Why are fashion designers underpaid in India
|Place:||Guorgaon District, Haryana|
|Project name:||Kamalini - New training center|
|Local partner:||Educational & Development Initiatives - EDI|
|Project type:||Vocational training for young women|
|Project duration:||January 2016 - December 2019|
|Total project:||CHF 604'400|
|Contribution Limmat:||CHF 290,000|
|Contribution from local partners:||CHF 160'400|
|Contribution other:||CHF 154,000|
In many regions of India, even in the 21st century, women are considered the property of their father, to whom they owe absolute obedience. Girls are seen as a burden, especially in poor families, as it is assumed that, unlike their brothers, they will not contribute to family income. It is not uncommon for women and girls to only get the food that men leave for them. Education and training is out of reach for many girls.
These facts contrast with the needs of the women concerned for their own earning potential in order to contribute to the maintenance of their families.
The Kamalini Vocational Training Center, an initiative of members of the Catholic prelature Opus Dei, aims to provide job-oriented training for women from poor backgrounds. For this purpose, they rented modest rooms in the south of the metropolis of New Delhi in 2007, in which women and girls can acquire a basic education and professional qualifications in textile processing, beauty care, computer applications and food production. These training focuses are supplemented by language courses in English, preparation for the job market and personal development.
The premises in Delhi soon became too small. In 2013 Kamalini planned to build its own center. The building was completed and installed at the end of 2016. The Limmat Foundation contributed to the cost of setting up the workshops and is also co-financing a three-year training program for 600 women.
The potential female students here are much more influenced by patriarchal ideas than in the urban environment. For example, women are only allowed to enroll in an apprenticeship if their father or husband agrees. Mistrust and fear of dangers outside the supervision of male relatives made many young women hesitate to start training.
At the beginning of 2018, the Limmat Foundation's project manager visited the new Kamalini campus to solve the new tasks with the school management. It was agreed that
The merger of the graduates in cooperatives is also planned. Kamalini trains suitable women in entrepreneurial strategies.
The initial distrust of potential students and their families was overcome thanks to intensive advertising and trust-building campaigns. These include health advice in the villages, door-to-door propaganda, the offer to pick up the young women from home in a school bus, and the opportunity to earn some money by studying. Kamalini has found buyers for some of the products made by schoolgirls, such as clothes and bags. In this way, the students not only learn to process textiles, they are also involved in the sale of the products and learn about entrepreneurial action and planning. 160 young women completed a job-oriented training in fashion design / textile processing in 2019; Beauty care / coiffure; Computer application and English.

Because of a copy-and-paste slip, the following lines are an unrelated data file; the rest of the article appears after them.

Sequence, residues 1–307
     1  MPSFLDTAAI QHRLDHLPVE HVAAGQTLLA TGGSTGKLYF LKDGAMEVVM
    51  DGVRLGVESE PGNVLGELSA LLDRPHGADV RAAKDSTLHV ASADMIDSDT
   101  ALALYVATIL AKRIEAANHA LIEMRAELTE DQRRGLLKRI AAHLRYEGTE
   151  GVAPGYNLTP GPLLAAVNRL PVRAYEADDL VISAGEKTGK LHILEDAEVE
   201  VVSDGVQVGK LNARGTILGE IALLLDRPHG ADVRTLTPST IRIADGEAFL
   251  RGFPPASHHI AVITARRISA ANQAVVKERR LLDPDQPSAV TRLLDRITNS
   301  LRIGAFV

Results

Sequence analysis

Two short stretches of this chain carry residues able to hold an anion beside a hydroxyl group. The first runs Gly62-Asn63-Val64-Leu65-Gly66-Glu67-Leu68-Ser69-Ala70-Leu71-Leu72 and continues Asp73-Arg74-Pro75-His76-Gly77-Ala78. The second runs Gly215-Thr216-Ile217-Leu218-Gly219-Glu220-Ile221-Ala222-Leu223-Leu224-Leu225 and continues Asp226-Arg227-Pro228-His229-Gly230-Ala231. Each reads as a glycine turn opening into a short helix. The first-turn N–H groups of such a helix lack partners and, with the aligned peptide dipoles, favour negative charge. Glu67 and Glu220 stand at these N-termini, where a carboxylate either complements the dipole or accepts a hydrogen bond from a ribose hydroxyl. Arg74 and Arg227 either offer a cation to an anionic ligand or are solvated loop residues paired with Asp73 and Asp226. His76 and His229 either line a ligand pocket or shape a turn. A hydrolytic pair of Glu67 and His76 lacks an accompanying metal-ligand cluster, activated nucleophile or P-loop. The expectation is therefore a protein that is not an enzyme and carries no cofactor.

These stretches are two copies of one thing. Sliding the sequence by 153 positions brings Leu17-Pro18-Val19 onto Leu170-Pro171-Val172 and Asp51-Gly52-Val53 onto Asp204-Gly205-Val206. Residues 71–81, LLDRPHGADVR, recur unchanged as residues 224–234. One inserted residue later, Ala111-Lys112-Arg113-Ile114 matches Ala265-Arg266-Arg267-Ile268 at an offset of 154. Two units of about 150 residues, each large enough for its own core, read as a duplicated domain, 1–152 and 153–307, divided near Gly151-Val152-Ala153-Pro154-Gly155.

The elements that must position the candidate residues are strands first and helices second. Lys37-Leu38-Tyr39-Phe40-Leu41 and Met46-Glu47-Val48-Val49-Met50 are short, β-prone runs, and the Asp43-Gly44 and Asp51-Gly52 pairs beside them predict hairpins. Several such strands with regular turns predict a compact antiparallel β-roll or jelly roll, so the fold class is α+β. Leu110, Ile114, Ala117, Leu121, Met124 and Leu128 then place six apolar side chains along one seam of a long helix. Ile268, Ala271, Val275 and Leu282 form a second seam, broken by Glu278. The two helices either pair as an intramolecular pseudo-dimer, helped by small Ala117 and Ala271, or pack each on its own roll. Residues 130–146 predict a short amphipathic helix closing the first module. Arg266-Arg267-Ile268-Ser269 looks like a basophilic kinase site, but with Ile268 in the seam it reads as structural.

Meanwhile, Kamalini is considered a safe place for young women by the families of the schoolgirls. The courses were well attended in 2019.
|Place:||Haryana / New Delhi|
|Project name:||Kamalini training center|
|Local partner:||Educational and Development Initiatives|
|Project type:||Vocational training adults|
|Project duration:||April 2010 - May 2014|
|Total project:||CHF 259,900|
|Contribution Limmat:||CHF 57'400|
|Contribution from local partners:||CHF 152,500|
|Contribution other:||CHF 50,000|
India has grown from a poor agricultural state to an up-and-coming economic power. At the same time, the country is still underdeveloped. A third of all Indians live in extreme poverty, i.e. 390 million people have less than 1.25 US dollars a day. The illiteracy rate is still very high at around 40 percent: especially many girls cannot and are not allowed to attend schools. Only a few receive vocational training. There are just 2.5 million apprenticeships available for the 12.8 million people who enter the labor market every year. Women from poor backgrounds who have to support their families therefore work as unskilled low-cost workers in industry and households and are very often underpaid and exploited.
In the Kamalini Vocational Training Center, underprivileged women have a chance to break out of the vicious circle. You can catch up on your elementary school in this center and prepare for state-recognized qualifications. In parallel, Kamalini offers vocational training in several areas: clothing design, computer use, cooking and housekeeping, arts and crafts and teaching in English.
In the early days of Kamalini, a teacher still had to go door to door to get girls interested in training. The success of the graduates won over more women, and word of mouth made the center grow rapidly. Now even employers send their unskilled workers to Kamalini to improve their skills. Kamalini graduates earn an average of 30 percent more than their untrained female counterparts.
The center currently has two rented training facilities, both on the outskirts of New Delhi. The institution is now building a third location in the suburb of Haryana. The new building offers space for 620 female students a year, mostly women from families who have moved here from the country and have hardly attended any schools. The new center has been built and furnished since 2009 with a contribution from the Limmat Foundation.
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